Make a resolution to eat a few dinners together at the table as a family, and make sure everyone ditches their gadgets and phones. No texting, and no interruptions.
Those dinners of hamburgers and French fries, tacos and roast beef and cheddar sandwiches that are quick drive-thru meals also are packed with fat, salt and lots of calories. Microwave meals and those in packages also aren’t so great, even though they are convenient.
Families can make a resolution to eat healthier for the New Year. This could mean making more dinners at home, eating more vegetables or maybe even ditching red meat.
New Year’s Resolutions for Children
Children may prefer to make their own New Year’s resolutions. Remember, parents can make suggestions but they shouldn’t strong-arm a child to make a particular resolution.
Children may know exactly what they want to change in 2022, or they may need a bit of guidance to make a resolution. Here are some suggestions for children of all ages:
This could be related to keeping their school subjects filed in certain folders, organizing their locker weekly or just keeping their room clean.
Enjoy More Outdoor Physical Activities
Some children are still enjoying daily or weekly physical education classes. Other children might have minimal exposure to exercise. Getting healthier or exercising more doesn’t have to be a strenuous resolution. Children and parents can aim to take a daily walk. Parents also could sign children up for a sport.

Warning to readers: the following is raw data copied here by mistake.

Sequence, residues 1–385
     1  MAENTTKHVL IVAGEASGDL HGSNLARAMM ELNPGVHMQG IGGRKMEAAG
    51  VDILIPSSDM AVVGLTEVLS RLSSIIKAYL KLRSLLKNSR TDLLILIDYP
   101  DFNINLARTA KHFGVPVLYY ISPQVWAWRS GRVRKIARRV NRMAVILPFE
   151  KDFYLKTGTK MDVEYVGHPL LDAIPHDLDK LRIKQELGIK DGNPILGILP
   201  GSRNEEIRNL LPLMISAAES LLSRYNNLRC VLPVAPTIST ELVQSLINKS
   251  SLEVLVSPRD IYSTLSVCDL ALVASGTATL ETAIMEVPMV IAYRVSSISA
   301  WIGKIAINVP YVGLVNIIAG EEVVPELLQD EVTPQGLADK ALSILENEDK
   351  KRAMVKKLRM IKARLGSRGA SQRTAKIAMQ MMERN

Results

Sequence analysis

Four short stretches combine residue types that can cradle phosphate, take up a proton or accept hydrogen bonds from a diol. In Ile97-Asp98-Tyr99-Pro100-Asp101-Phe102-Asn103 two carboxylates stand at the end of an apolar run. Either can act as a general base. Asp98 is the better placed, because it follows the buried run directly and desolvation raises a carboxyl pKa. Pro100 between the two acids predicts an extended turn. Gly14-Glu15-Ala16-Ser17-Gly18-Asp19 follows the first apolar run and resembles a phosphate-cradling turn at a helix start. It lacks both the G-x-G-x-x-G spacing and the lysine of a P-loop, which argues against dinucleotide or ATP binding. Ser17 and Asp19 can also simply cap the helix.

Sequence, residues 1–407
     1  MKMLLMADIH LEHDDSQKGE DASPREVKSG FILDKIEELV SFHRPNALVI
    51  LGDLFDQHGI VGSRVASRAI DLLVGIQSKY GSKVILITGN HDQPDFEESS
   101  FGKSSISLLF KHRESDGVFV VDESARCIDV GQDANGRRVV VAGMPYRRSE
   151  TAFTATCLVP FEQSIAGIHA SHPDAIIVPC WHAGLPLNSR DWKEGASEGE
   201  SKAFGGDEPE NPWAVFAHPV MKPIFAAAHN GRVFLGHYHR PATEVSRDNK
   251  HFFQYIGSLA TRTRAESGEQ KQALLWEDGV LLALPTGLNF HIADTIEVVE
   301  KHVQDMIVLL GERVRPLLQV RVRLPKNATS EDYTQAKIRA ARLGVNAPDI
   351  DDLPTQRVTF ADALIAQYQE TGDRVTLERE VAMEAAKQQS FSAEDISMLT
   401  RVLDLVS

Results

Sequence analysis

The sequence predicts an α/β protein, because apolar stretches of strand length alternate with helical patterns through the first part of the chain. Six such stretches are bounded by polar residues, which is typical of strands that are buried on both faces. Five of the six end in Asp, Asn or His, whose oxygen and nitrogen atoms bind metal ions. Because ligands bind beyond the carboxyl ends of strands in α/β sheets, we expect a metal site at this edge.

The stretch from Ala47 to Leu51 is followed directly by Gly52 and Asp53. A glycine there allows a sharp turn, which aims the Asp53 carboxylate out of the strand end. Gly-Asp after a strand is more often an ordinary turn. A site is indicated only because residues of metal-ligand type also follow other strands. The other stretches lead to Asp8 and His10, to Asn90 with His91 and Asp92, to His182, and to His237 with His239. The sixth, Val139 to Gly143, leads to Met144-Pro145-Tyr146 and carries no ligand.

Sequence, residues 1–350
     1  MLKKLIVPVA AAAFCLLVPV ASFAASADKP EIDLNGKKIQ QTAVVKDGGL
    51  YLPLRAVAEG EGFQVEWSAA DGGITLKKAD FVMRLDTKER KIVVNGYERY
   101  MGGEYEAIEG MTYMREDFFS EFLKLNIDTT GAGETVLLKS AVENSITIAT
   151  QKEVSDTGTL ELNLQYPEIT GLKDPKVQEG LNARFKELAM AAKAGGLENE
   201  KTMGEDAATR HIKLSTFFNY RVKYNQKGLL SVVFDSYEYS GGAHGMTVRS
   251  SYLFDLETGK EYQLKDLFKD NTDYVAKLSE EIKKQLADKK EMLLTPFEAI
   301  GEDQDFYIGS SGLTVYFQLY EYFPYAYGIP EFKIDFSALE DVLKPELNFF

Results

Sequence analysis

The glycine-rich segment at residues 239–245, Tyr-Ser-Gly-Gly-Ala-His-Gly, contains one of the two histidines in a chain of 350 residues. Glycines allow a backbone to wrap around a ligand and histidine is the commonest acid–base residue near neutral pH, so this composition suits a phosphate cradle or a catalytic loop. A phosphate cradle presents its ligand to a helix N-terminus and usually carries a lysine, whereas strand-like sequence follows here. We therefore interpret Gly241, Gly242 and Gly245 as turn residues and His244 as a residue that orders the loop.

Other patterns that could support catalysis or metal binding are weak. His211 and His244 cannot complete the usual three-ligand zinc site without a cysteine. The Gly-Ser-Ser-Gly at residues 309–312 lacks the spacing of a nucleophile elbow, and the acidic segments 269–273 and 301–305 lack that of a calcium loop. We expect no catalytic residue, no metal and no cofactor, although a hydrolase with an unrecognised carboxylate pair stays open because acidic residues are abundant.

Woman’s Day recommends this resolution for younger children (ages 3 to 5). Children can resolve to at least try the new food (one nibble). This can help them find new tastes they love.
Not Fighting with Siblings
Siblings don’t always agree, and sometimes they will absolutely drive each other bonkers. Children can resolve to try to fight with siblings less.
Woman’s Day recommends this for tweens. While brushing and flossing twice a day is recommended, there are many children and adults who don’t heed this advice. This is a great and fairly easy resolution for older children and it will help those teeth and gums stay healthier!
This was a Woman’s Day recommendation for teens, but it can be a great resolution for all ages. Teens can swap out favorite drinks for water. To help them stay on task, parents also might give them a cool refillable water bottle.
Learn a New Skill
Teens and tweens might enjoy resolving to learn a new skill like sewing, knitting or maybe cooking. Encourage them to find a new hobby that aligns with their interests or let them discover a new hobby that they just think is cool. Maybe they really want to learn how to paint a portrait or play the guitar.
Read More Books
With the screens taking up so much time, sometimes reading takes a back seat. Most children have a nightly assignment to read anywhere from 15 to 30 minutes. They can make a resolution to read more than this and maybe set other reading goals, too.
For families who haven’t made their New Year’s resolution, make one today and encourage children to make a resolution, too. Families may even opt for a family resolution that benefits everyone—eat dinner together, unplug, make healthier choices or learn a new language.
If children want to make their own resolutions, parents can help them come up with ideas but they shouldn’t force a resolution on a child. Keep the resolution a positive experience, and encourage children to set goals that help them make positive improvements. They can brush/floss more, learn a new hobby or get outside to enjoy more physical activity.
Resolve to make the New Year better while working on self-improvement, self-care and family happiness!